TOPIC - A shrinking private sector is bad news
Don Mills - Eye on the Economy
(Originally published in the July 2012 issue of the Nova Scotia Business Journal)
The Atlantic Provinces all have a much higher proportion of jobs in the public sector relative to most other provinces in Canada. In Nova Scotia, the percentage of public sector jobs (based on the latest Stats Canada data for 2011) is currently 28.5 per cent. This compares to the Canadian average of 20.1 per cent. More concerning is the fact that the percentage of public sector jobs is rising faster than the percentage in the private sector. While many claim public sector employment provides well-paying jobs to the province, there is a problem if we have too many public sector jobs relative to both the size of our economy and our population.
Sometimes we forget how many jobs are related to the public sector and funded through the taxes we pay. Public sector jobs in this province include all those working for governments at all levels, such as police and fire fighters, health care and social workers, educators, those in the military, those working in all the economic development agencies, politicians and their staff. In Nova Scotia, more than one in every four jobs is publicly funded, while the average for Canada is currently one in five. This raises the issue of our diminishing capacity to fund public services.
There are two significant problems associated with Nova Scotia’s high proportion of publicly funded jobs. The first is the affordability and sustainability of such jobs in a province which has been dead last in terms of economic growth for most of the past 20 years (GDP growth for 2011 is expected to be less than one per cent and not much better in 2012) and a province that has a stagnant population experiencing the slowest growth rates in Canada (only 0.3 per cent growth in the past five years based on the latest census numbers). This essentially means that the same number of taxpayers is paying more and more each year to fund public services. It is little wonder that Nova Scotia is among the highest taxed, if not the highest taxed, jurisdictions in Canada. It could perhaps be argued that being the slowest growing population in Canada is a consequence of having the slowest growing economy in the country, which essentially makes Nova Scotia the least attractive place to live from an economic perspective. In addition, Nova Scotia has the distinction of having the oldest population in Canada, meaning that the pressures will only increase on the diminishing workforce to pay for public services.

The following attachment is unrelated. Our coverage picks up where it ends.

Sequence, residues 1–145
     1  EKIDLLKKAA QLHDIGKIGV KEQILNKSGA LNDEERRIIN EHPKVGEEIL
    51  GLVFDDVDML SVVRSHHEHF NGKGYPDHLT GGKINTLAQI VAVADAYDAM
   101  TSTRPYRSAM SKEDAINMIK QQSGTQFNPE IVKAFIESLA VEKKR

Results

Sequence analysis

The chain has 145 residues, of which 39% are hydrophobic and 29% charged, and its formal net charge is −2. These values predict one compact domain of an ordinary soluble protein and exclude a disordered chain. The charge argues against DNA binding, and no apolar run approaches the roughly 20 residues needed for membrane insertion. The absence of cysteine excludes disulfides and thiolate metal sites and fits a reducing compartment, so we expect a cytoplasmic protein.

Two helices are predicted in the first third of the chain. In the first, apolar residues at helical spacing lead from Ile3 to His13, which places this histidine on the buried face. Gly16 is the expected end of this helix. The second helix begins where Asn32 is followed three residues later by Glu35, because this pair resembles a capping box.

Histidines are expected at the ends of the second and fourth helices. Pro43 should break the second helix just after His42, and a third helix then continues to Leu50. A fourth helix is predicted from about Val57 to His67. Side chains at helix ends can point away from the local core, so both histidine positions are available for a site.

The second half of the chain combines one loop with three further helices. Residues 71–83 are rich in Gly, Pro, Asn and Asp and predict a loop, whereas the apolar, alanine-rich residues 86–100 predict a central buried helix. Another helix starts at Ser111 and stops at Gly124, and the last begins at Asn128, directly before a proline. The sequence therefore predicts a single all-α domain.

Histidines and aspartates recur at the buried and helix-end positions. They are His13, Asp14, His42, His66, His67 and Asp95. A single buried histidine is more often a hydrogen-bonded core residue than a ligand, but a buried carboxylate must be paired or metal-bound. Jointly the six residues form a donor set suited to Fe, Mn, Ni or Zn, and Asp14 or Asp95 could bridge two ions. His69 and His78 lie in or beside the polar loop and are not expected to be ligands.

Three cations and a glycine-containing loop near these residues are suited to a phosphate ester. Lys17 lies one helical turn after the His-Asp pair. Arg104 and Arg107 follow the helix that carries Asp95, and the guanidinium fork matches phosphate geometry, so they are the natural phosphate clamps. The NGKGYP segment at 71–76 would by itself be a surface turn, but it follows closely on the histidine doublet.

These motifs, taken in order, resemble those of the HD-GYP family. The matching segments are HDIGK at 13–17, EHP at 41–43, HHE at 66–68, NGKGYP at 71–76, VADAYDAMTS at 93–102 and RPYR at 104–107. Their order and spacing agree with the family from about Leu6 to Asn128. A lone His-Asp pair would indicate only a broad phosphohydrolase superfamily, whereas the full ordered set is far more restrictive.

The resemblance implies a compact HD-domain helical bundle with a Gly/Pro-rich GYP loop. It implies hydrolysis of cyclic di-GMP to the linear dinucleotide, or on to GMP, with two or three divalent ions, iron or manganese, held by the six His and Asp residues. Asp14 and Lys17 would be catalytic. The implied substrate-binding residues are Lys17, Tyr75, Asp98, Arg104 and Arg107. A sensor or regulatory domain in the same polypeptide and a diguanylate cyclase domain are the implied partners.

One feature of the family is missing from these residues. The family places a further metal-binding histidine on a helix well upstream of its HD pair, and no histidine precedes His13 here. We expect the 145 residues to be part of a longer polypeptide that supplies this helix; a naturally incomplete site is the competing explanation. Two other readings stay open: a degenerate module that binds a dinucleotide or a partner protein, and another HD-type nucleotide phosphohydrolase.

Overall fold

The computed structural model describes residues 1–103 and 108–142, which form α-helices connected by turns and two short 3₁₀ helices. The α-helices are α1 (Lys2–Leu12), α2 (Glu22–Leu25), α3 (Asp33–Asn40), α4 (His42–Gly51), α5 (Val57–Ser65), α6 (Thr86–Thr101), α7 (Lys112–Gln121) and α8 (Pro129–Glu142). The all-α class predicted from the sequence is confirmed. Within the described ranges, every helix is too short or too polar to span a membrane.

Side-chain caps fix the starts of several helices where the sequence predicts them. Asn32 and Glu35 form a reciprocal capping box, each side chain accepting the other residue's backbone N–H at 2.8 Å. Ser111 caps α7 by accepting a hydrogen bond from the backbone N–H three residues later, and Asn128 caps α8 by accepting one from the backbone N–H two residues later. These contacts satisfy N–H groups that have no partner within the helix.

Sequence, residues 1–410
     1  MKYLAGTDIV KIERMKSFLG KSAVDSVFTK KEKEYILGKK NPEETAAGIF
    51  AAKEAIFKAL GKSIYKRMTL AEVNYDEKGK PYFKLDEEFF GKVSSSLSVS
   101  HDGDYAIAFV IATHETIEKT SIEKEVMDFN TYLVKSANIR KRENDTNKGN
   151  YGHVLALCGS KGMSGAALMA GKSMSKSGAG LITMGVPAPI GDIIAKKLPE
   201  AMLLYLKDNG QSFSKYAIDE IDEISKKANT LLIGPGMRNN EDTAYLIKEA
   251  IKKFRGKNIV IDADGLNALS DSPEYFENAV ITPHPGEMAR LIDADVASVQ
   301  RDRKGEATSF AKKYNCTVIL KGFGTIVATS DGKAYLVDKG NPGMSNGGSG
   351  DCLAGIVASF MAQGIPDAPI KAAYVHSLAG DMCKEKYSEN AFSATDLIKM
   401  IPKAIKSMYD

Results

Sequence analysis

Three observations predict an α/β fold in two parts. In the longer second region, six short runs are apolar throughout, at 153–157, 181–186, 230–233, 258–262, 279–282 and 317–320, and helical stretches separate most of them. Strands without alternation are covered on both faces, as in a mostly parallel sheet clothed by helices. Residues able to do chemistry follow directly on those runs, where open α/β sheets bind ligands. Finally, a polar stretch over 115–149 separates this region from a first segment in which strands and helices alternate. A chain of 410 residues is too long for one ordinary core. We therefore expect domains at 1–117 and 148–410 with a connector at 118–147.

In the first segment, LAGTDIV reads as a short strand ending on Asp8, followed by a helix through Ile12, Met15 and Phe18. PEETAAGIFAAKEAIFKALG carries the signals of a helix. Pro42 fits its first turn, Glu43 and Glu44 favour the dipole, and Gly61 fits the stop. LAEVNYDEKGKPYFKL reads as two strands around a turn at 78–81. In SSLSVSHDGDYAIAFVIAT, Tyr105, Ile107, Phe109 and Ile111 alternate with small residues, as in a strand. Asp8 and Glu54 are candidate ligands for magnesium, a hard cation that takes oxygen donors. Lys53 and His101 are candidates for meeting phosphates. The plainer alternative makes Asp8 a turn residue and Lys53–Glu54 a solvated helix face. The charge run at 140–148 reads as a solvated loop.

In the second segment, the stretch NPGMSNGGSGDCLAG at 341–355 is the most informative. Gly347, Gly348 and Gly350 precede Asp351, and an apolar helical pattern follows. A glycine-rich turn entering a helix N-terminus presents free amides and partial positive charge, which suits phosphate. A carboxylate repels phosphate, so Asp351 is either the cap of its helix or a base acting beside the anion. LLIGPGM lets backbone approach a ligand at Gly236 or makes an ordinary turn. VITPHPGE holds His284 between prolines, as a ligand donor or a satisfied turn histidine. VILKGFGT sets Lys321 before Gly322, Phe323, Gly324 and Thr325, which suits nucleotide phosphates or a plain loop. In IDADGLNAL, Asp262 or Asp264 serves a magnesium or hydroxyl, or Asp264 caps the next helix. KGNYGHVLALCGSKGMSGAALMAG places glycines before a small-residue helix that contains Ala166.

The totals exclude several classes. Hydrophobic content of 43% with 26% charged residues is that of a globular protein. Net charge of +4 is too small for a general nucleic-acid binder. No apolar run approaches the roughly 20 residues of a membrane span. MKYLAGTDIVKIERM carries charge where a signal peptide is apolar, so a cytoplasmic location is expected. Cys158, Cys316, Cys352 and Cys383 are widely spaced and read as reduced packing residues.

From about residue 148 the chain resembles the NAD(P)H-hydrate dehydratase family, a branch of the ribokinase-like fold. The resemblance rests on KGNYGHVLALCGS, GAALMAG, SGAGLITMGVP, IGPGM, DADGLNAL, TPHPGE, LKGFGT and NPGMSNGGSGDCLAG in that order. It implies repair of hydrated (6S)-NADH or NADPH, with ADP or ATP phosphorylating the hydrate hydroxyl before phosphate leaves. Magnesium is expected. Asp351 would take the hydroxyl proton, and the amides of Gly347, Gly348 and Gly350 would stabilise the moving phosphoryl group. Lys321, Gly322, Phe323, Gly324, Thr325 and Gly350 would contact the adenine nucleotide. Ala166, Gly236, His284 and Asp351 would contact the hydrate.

The second problem associated with a higher proportion of public sector jobs is related to economic growth. Having a proportionately smaller private sector in the economy means that Nova Scotia is at a structural disadvantage in terms of being able to grow the economy. Economic growth is driven by the private sector. If our private sector is proportionately smaller, then this reduces our ability to grow the economy as quicker as other provinces, simple as that.
This problem is not confined to Nova Scotia. All four Atlantic Canadian provinces have similar challenges in terms of having more public sector jobs than what their economies can afford. So the question is, what can be done? Governments, particularly at the municipal and provincial levels, must reverse the trend of having public sector jobs increase faster than those in the private sector and address the productivity gap between public sector and private sector jobs. Governments should also ask themselves which non-essential services could be more efficiently delivered by the private sector through a competitive outsourcing process.
Don Mills is the chairman and CEO of Corporate Research Associates Inc. and a well-known commentator on public affairs with significant experience in a variety of sectors including tourism, financial services, telecommunications, transportation, lottery and gaming, utilities and public policy. You can follow him on Twitter @DonMillsCRA or email firstname.lastname@example.org